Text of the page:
An elder must be just – The word that is used here often means righteous. Another meaning, which fits in this context, is to be fair in his judgments and dealings with others. Christians are to strive to be impartial, treating others equally. James wrote, “My brethren, do not hold your faith in our glorious Lord Jesus Christ with an attitude of personal favoritism” (James 2:1). Elders will often have to handle disputes between Christians. When “a complaint arose” in the church in Jerusalem, the apostles addressed the situation (Acts 6:1-6). Without apostles in the church today, the ones to handle similar situations would be those in a similar position of spiritual oversight – the elders (Hebrews 13:17). Paul told the brethren in Corinth that rather than going to law against their brethren, they should consult a wise man among them to decide between them (1 Corinthians 6:1-6). An elder would fit this description. When Paul urged Euodia and Syntyche to live in harmony, he encouraged the brethren in Philippi to “help these women” do this (Philippians 4:4). Elders, because of their position, would take a leading role in this. In cases like these, it is essential that the elders who are seeking to restore unity between contending brethren be fair in the dealings with them. If an elder is partial to one party over the other – regardless of the reason – that will often drive the other party away.

An elder must be devout – The King James Version translates this word as holy. We often think of being holy as being set apart. This would be true for an elder, but in this context, this word has particular emphasis on being undefiled by sin. We have already discussed the fact that an elder must be above reproach or blameless (1 Timothy 3:2; Titus 1:6). Being above reproach is not based upon a subjective standard (public opinion), but an objective standard (the word of God). In the next lesson we will discuss more about what it means to have “a good reputation” (1 Timothy 3:7). But for now, let us remember that an elder being above reproach is not just that people speak well of him. Instead, it means he must devoutly follow the word of God.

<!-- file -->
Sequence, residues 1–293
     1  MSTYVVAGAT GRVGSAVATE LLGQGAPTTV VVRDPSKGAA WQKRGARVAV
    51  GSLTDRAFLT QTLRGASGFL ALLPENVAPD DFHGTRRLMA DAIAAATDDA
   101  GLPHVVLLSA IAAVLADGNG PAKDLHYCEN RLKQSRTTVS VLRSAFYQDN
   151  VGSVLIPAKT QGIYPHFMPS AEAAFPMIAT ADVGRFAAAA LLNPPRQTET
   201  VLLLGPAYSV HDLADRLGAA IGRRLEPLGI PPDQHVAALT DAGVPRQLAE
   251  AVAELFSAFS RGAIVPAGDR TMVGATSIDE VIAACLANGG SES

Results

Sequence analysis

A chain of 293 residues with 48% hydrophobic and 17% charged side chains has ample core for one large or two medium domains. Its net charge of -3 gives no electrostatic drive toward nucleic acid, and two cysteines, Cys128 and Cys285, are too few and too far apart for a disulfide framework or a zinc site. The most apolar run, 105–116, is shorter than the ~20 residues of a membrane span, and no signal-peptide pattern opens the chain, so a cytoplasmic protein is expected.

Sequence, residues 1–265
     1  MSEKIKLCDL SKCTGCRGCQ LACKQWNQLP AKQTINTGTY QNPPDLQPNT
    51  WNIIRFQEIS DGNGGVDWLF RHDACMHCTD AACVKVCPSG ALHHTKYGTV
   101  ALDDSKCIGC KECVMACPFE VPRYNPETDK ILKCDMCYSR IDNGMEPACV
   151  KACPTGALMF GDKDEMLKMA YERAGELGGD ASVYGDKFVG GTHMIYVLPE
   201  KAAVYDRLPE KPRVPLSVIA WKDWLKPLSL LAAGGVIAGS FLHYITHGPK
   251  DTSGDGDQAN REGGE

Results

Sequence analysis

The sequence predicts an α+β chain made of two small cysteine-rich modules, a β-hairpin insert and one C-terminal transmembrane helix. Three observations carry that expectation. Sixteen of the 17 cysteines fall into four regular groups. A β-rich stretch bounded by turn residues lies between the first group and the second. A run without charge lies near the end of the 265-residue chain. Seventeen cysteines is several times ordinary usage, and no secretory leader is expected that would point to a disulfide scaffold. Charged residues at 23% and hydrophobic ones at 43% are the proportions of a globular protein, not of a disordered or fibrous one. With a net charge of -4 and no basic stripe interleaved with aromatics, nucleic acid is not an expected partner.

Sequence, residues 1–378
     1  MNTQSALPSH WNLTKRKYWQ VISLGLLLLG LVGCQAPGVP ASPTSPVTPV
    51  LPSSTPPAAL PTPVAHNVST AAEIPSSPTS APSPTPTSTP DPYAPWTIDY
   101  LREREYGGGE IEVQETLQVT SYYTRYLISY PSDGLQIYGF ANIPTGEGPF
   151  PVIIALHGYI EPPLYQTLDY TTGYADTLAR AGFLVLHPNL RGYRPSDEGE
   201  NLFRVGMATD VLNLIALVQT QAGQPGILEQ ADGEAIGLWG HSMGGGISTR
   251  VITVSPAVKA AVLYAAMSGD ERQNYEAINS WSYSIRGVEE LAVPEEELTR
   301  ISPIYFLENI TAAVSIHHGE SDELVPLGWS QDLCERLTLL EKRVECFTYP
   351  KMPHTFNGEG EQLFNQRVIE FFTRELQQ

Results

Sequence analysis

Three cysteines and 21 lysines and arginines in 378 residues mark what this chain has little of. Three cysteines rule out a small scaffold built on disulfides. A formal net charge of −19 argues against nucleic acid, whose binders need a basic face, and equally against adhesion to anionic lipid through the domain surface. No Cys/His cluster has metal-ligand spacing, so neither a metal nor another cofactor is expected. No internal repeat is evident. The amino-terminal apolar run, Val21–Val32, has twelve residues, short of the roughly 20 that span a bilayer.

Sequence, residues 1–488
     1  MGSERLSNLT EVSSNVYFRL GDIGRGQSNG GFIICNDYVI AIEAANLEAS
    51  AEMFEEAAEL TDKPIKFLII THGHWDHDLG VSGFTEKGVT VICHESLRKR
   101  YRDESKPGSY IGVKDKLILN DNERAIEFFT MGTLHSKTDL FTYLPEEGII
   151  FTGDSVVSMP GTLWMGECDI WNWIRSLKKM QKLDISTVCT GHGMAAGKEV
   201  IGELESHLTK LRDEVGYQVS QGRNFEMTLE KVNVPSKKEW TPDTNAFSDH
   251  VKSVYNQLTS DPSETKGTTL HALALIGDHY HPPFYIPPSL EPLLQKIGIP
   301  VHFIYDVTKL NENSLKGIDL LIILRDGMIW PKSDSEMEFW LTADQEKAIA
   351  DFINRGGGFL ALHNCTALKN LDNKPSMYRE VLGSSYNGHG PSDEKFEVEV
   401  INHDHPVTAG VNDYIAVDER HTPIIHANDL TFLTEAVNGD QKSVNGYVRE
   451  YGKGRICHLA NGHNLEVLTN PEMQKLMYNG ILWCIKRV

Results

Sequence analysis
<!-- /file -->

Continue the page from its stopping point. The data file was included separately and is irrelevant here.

An elder must be self-controlled – The word temperate is used here in the King James Version. However, it is not the same as the Greek word translated temperate or vigilant that we discussed in the previous lesson (1 Timothy 3:2). This qualification emphasizes the fact that he is in control of his emotions. We have already noticed this about anger (Titus 1:7), but it is not limited to just that emotion. The word basically means that he is strong mentally. Elders deal with discouragement, personal attacks, stress, mental fatigue, and so on. In one sense, they are like the apostle Paul who wrote, “Apart from such external things, there is the daily pressure on me of concern for all the churches. Who is weak without my being weak? Who is led into sin without my intense concern?” (2 Corinthians 11:28-29). While the scope of the elders’ work is narrower – overseeing the flock among them (1 Peter 5:2) – the pressure upon them is the same. One must be self-controlled in order to deal with the demands that are placed upon him in that work.

An elder must hold fast the word – The word to which an elder must hold fast is the word of God. All Christians are expected to do this (2 Timothy 1:13; Philippians 2:16), but it is especially important for elders because of the influence they have over others. Others will follow them, even into sin and error if they depart from the truth (Acts 20:30). Also, remember the work that the elders have been given:

  • Feed the flock (1 Peter 5:2) – They are to make sure the congregation is fed the word of God (cf. 1 Timothy 4:6).
  • Protect the flock (Acts 20:28-30) – They are to guard against threats posed by those who would teach things that are contrary to the truth (Titus 1:9-11).
  • Lead the flock (Hebrews 13:17) – They are to provide spiritual leadership. This is done through the word (Hebrews 13:7), not contrary to it (Acts 20:30).

The work of the elders cannot be accomplished if they do not hold fast the word.

As we have seen in this lesson and the previous one, God wants us to be careful to appoint men to the office of an elder who meet a high standard with regard to their character. It is easy to see, from a practical standpoint, why these qualifications are necessary for this role. We need to look for and develop men with these characteristics.

However, there are other prerequisites to becoming an elder than just being a mature, godly man. The next lesson will consider the rest of the qualifications for elders.